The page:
THE Chevin offers local people and visitors a range of activities all year round, but there was even more to do last Sunday when the Otley Nature Network held its second Chevin Discovery Day.

Led by the Friends of Chevin Forest, Wildlife Friendly Otley and Otley2030, the day included hands-on activities as well as displays to enjoy and stalls representing a variety of local organisations. Visitors were guided by a stylish, hand-drawn map of the area made by Sandra Flitcroft.

As last year, the pond-dipping proved very popular, with the small pond near the White House offering up a considerable number of creatures. These included a surprising number of fish (how did they get there?) such as minnows and stickleback, though one young naturalist was a bit wide of the mark when she excitedly shouted “I’ve got a tuna!” Two huge tadpoles were caught – maybe young toads, hopefully not young bullfrogs – as well as interesting water beetles and pond snails. Young scientists were also enthused by a minibeast hunt, closely examining butterflies, bees, drone flies, a greenbottle and a curious garden snail. Both these activities formed part of a “bioblitz”: finding and identifying as many species as possible in a specific location in a short period of time. Families were given recording sheets with which to contribute their findings, and Wildlife Friendly Otley collated all the results. Unfortunately the wet weather forced the cancellation of the reptile walk, and the rain meant the moth-trap investigation only revealed 3 specimens.

A new addition to the programme was an art workshop. First up was the construction of a large mandala – a circular spiritual symbol – made here using natural resources such as bracken, pine cones and tree bark. Then came Tataki (or Hapa) Zome – the Japanese art of printing on fabric using the pigments and shapes of leaves and petals (Waitrose kindly provided several bunches of colourful flowers). The fabric is folded around the plant parts and gently beaten with mallets or stones. The work surfaces were magnificent pieces of oak provided by the Chevin Rangers from a tree that came down in Tittybottle Park. The other art activity was drawing with inks made from nettles, red onions, brown onions, beetroot, turmeric, saffron, charcoal, blackberry and oak. Sinclair’s kindly provided watercolour paper for this, and feathers were used as tools. The art activities were led by Pat Foster, assisted by Isabel Ruiz, Michelle Plum-Hall and Aphra Tandy, who was there as part of the Duke of Edinburgh award scheme.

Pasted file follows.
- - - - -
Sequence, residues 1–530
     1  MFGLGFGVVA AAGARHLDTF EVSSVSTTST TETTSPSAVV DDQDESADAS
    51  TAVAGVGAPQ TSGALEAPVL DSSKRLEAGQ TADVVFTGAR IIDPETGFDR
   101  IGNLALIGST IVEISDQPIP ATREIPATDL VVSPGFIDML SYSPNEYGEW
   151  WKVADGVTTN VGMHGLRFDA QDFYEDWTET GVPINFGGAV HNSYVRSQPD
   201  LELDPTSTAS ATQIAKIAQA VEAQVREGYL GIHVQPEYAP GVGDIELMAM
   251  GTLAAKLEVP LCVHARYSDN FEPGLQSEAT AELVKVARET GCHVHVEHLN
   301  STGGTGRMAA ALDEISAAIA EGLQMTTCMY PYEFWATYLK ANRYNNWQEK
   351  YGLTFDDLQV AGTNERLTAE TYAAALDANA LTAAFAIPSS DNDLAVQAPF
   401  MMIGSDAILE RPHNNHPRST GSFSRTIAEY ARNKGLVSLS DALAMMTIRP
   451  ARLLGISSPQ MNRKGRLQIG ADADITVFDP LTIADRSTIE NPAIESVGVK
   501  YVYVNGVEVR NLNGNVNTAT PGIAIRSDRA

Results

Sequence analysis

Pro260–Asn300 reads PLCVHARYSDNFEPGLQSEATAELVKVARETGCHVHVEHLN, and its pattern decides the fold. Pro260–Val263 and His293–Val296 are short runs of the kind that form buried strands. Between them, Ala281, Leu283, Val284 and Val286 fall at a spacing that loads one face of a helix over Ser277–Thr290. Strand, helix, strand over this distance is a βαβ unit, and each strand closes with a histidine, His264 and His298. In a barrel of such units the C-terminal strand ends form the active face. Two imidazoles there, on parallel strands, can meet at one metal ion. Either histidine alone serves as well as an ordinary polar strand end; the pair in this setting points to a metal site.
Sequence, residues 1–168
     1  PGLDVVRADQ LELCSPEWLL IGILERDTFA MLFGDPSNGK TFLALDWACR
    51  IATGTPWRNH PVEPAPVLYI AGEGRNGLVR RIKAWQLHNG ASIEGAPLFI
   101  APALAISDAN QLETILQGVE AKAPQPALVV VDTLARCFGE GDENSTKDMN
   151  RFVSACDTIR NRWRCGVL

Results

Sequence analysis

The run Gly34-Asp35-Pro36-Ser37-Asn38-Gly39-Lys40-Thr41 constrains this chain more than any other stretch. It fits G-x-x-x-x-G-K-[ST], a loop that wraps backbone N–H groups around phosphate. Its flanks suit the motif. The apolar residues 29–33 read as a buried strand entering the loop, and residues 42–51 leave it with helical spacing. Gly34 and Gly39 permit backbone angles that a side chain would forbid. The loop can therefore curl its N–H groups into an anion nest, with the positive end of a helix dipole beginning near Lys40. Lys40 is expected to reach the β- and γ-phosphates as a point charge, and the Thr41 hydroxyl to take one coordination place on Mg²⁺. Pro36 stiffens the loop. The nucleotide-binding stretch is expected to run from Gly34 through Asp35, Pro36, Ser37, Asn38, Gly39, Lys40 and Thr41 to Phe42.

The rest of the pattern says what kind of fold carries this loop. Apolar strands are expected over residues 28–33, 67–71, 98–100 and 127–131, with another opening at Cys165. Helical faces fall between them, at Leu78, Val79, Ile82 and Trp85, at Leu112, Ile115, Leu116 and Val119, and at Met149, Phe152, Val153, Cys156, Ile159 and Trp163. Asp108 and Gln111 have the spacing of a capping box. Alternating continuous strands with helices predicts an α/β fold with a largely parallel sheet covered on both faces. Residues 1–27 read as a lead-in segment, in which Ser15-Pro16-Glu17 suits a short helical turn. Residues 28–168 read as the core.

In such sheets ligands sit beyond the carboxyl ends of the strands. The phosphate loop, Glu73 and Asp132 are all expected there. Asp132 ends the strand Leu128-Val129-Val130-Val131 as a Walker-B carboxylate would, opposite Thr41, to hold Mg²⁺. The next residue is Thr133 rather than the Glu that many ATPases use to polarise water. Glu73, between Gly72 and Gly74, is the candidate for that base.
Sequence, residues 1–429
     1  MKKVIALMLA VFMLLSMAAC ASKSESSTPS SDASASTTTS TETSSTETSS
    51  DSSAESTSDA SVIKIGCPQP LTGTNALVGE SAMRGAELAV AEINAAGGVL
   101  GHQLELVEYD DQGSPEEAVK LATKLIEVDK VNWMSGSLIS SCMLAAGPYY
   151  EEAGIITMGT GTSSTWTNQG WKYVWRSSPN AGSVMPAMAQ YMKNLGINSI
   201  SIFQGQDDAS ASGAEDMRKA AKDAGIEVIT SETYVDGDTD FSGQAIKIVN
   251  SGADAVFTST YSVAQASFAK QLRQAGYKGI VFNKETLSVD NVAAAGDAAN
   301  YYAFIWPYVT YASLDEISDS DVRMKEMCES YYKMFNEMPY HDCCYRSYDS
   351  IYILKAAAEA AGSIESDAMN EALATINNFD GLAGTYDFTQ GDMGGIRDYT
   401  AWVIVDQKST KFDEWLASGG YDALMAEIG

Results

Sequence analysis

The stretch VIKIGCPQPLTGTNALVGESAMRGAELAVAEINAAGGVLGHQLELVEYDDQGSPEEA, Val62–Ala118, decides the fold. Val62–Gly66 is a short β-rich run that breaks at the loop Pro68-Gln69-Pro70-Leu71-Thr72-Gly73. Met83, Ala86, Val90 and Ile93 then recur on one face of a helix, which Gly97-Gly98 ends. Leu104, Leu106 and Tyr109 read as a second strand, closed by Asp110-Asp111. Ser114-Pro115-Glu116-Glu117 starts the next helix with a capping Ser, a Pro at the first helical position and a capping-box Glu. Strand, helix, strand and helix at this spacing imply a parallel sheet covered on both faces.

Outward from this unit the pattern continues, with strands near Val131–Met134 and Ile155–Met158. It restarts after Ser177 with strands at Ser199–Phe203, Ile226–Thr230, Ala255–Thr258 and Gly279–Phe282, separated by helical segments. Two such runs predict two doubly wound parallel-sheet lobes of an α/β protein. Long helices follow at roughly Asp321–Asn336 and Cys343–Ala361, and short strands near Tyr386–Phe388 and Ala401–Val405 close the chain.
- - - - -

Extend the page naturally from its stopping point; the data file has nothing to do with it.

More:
Also new this year was the addition of live music, which was well-received and fitted nicely with the emergence of the sun. April and Robin kicked this off by the White House, playing trumpet, guitar and keyboard. They were followed by Emma from the Brigadistas music collective, and finally Ana Luisa from the Mestisa group, playing music from Latin America.

Most of the event took place next to the White House or in the field to its west, but a slack-line and top-line were set up by Otley2030 near the maze, and proved very popular with the agile young. The day also featured an adaptation of the Climate Fresk game, which uses large cards to help people understand climate change. Otley Sewing Collective made some fantastic, realistic animals, and these were hung in the trees as a trail for children to find. The Chevin Forest School ran fun activities for young people, too. The Friends of Chevin Forest provided a local history display, quizzes and a tree trail, as well as tea and cake in the Nature Hub (what used to be called the Education Room opposite the White House).

The Bridge Church kindly loaned eight tables for the event. Wildlife Friendly Otley had an attractive stall, which they used to promote their cause and sell plants and cake. They enrolled new members, as did the Yorkshire Wildlife Trust at their stand. Otley2030 welcomed people to the event and had conversations about their work and aims in Otley ie reducing our carbon emissions and making Otley a greener, fairer place. They also handed out sticky boards for children to collect woodland flowers and leaves on. Otley Camera Club brought some of their amazing photos (and expertise), whilst the Otley branch of the Dry Stone Walling Association included their “build-your-own-wall” kit for children to have a go at. There was also a stall selling RSPB pin badges amongst other things.

Neil Griffin said “Despite the wet start we had a good turnout. People love nature and they love the Chevin, and it was great to offer some new things this year, which went down very well. We’re very grateful to all the people who got involved or provided resources – it was another team effort that reflects Otley Nature Network and the community we live in.”